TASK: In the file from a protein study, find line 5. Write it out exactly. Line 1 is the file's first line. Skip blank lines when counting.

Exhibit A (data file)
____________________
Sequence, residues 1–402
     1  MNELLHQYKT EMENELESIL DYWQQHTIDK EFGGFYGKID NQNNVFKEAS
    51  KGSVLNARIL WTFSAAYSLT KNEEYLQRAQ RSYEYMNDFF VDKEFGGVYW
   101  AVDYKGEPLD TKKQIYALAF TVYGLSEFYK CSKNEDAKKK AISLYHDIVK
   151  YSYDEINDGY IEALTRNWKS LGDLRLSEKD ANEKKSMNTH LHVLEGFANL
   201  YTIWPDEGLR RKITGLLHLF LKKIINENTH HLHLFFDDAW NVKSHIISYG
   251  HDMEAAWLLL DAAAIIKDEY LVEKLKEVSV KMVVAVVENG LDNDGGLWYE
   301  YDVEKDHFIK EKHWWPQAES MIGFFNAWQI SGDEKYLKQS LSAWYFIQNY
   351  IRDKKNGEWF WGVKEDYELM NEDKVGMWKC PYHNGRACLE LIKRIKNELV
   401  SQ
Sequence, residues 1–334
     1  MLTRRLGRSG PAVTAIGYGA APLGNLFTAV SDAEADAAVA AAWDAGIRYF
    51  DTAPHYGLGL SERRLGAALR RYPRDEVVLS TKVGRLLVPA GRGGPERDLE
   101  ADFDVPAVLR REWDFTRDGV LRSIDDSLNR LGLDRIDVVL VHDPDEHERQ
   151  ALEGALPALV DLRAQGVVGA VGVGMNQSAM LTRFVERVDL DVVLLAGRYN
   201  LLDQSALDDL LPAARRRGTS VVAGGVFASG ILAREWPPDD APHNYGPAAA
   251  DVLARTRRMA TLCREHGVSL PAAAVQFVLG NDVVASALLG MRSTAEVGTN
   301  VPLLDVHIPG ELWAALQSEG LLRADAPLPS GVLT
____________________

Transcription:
   151  YSYDEINDGY IEALTRNWKS LGDLRLSEKD ANEKKSMNTH LHVLEGFANL